confessions of call night accountability

I did something last night I cannot remember doing in all of my 30 plus years of taking phone calls from referring physicians requesting hospital admission of a patient. Instead of following my usual policy of "just say yes" to a request for transport and admission of a young child, I spent ten minutes on the phone reviewing the case, and then explaining to the physician in a rural Southwest Virginia emergency department why the patient would not benefit from the admission.

And then I couldn't get back to sleep. It would have been easier for me to follow my usual policy, and accept the child. This would have relieved the referring physician of any further responsibility for a child with a problem s/he may not have been comfortable dealing with, and it may have reassured the family of the toddler to get direct input from our pediatric experts about the diagnosis and prognosis of the problem. I have risked antagonizing the referring physician, as well as the child's primary care physician, and I have risked this family potentially thinking that the Carilion Clinic Children's Hospital was uncaring, or did not want to be bothered. I also "lost" the potential income this admission would have generated in hospital charges and physician fees. Sound like I may have acted inappropriately?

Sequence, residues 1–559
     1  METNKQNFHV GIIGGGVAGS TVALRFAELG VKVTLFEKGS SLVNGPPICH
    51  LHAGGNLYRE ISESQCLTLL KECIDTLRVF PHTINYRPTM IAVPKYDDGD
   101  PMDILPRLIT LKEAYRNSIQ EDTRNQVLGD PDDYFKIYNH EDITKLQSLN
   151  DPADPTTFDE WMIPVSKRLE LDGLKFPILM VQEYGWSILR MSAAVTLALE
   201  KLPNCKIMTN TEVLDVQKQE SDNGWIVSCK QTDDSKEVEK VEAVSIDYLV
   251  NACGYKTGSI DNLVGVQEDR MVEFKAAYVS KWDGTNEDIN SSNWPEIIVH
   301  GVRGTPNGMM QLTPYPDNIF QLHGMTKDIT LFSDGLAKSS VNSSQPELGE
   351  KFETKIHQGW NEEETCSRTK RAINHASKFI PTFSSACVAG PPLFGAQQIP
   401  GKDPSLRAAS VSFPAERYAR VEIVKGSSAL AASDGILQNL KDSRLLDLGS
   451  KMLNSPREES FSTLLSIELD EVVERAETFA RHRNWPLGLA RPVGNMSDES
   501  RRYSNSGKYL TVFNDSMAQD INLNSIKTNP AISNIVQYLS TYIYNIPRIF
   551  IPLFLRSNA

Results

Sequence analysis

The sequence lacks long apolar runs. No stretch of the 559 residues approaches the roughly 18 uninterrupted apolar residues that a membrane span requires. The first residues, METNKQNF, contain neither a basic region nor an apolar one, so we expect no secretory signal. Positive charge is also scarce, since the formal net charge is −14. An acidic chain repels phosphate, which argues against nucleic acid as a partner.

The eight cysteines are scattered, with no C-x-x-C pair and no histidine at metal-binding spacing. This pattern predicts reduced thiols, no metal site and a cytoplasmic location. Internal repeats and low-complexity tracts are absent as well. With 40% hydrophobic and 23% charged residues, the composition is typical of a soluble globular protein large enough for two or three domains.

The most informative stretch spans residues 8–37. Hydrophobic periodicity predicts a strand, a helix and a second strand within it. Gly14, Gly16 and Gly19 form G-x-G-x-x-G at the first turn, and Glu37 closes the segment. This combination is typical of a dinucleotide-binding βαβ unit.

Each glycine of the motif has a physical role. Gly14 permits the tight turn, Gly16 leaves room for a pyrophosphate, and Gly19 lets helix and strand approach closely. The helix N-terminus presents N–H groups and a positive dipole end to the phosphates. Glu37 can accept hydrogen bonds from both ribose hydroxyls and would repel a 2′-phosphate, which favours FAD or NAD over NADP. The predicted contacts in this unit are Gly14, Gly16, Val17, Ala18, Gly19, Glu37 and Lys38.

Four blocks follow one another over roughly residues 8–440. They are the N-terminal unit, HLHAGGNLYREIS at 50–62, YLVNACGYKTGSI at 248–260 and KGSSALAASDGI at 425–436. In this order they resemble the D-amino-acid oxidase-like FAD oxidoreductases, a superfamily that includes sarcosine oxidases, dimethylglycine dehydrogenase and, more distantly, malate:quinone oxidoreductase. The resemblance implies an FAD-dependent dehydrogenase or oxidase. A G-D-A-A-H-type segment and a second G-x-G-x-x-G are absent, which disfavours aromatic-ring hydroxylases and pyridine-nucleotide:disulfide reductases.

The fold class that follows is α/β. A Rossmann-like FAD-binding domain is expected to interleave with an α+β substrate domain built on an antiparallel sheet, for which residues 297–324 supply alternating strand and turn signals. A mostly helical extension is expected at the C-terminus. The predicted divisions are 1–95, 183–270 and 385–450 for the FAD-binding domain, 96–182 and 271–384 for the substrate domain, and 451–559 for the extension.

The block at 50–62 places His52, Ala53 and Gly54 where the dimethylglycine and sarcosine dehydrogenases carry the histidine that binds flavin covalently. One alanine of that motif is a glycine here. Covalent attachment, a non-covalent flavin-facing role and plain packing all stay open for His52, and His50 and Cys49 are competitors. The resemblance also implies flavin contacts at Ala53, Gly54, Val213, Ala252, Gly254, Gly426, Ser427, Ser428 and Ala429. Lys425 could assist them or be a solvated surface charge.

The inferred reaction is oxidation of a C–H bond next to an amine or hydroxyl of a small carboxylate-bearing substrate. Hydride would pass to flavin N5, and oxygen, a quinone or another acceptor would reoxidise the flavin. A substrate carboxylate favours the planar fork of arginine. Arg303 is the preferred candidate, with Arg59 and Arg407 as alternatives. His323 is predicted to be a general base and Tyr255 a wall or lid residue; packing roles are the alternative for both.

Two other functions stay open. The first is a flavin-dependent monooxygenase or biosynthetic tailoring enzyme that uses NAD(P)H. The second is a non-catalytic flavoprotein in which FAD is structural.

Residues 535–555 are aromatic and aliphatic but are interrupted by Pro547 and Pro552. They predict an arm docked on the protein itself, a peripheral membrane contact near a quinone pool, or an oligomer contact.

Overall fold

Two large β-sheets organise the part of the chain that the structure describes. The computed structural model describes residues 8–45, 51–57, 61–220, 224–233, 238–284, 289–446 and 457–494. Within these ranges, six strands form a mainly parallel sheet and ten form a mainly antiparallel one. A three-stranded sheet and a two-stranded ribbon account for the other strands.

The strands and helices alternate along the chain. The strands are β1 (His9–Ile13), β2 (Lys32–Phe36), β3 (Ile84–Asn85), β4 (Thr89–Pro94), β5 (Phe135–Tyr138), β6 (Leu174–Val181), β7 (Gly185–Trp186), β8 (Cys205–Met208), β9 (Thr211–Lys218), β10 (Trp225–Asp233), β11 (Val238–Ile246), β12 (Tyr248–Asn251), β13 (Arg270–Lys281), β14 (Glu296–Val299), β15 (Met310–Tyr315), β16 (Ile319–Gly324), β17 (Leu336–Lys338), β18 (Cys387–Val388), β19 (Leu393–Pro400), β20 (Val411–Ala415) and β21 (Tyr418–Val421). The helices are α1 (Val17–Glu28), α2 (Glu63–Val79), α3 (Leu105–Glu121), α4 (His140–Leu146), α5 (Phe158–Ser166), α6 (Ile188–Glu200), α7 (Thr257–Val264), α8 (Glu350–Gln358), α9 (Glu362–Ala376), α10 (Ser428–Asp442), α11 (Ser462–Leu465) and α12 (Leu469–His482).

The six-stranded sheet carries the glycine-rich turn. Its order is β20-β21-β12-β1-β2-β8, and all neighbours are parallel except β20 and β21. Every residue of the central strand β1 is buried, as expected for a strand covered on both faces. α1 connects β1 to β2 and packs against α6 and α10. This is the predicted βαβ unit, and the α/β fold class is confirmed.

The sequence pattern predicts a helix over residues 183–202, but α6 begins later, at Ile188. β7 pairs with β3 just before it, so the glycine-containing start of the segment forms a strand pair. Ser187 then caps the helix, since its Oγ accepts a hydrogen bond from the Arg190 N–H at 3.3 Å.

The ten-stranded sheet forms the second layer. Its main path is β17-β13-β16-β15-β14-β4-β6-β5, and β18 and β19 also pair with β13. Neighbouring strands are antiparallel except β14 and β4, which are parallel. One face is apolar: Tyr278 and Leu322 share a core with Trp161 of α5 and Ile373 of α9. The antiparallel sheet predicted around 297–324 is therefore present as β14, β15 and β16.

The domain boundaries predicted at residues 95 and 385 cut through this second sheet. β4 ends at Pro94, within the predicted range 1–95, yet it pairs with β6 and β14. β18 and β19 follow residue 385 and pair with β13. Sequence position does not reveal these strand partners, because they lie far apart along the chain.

Well, here is my reasoning. This child had suffered from a condition that has been well-studied and reported in the literature. It is known that, given the referring physician shared with me all important information available, I would not have been able to add ANYTHING SUBSTANTIAL to the care of this child, except to increase cost and risk.

The child did not require any additional tests, did not need to be seen by a subspecialist, and would most likely have been admitted over night ( the call came in around midnight) to be sent home the next morning. There would have been cost to the family and the health insurer (I did not ask for any insurance information, so I have no idea who the payer was), and there would have been material risk to the child because of the  2  hour transport that would have been required. Ambulance travel is not without risk. In addition, as we have mentioned over the last few posts, patients are sometimes harmed in hospitals, although that would have been extremely unlikely in this particular situation.